You can either view Castaneda's work as extremely well written psychedelic fiction prose or you can view it as a collection of vital truths that will help you live a better life. Either way you would be right in my opinion, and the fact that it is all most likely completely made up only makes the fiction that much more magical to me, and more true. "It was as if the point of departure had always been myself. It was as if Don Juan had never really...
  • Leo Walsh
    Second Don Juan book. A little weaker than the first. Plus, there are hints of Hindu and Buddhist philosophy re-packaged as native American wisdom. Old wine in new [age] skins... But instead of reading these as the non-fiction they are marketed as, I am reading them as fantasies. That said, I love the new character Castaneda introduces here, don Genaro. A true trickster, he makes me laugh. But the "wisdom" revealed here is less interesting than t...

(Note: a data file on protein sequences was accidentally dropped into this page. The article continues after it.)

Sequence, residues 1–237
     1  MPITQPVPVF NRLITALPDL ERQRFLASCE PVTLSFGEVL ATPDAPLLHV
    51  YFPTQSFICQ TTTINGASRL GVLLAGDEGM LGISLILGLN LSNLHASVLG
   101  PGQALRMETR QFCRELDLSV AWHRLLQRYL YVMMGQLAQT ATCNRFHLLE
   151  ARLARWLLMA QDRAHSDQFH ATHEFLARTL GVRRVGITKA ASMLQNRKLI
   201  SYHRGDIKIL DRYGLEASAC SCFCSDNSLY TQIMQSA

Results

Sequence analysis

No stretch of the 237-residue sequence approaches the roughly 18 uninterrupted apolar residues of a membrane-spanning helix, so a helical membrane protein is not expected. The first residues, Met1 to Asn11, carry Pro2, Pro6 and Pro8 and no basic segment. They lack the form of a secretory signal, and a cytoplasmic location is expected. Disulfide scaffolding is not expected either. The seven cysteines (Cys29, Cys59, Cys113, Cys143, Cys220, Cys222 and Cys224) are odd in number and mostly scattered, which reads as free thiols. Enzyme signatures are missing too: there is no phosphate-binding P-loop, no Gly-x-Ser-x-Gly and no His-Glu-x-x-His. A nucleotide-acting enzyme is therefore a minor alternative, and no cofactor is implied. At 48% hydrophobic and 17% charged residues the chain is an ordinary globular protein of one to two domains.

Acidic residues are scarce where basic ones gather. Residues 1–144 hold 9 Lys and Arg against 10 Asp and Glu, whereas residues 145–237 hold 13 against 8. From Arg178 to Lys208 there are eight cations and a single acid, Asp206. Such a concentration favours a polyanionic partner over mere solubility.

• Jakk Makk
    The first half-hour did not compel me to finish the audiobook.
  • Samson Martirosyan
    Դոն Խուանի հետ առաջին հանդիպման պահից անցավ արդեն 10 տարի։ Մարտիկ դառնալու ու տեսնելու ճանապարհը լի է դժվարություններով, որոնք հեղինակը փորձում է հաղթահարել այս անգամ ավելի պրակտիկ գործողություններով, սակայն ամենաբարդ բանը՝ լիովին ընդունել սկս...
  • Erik Graff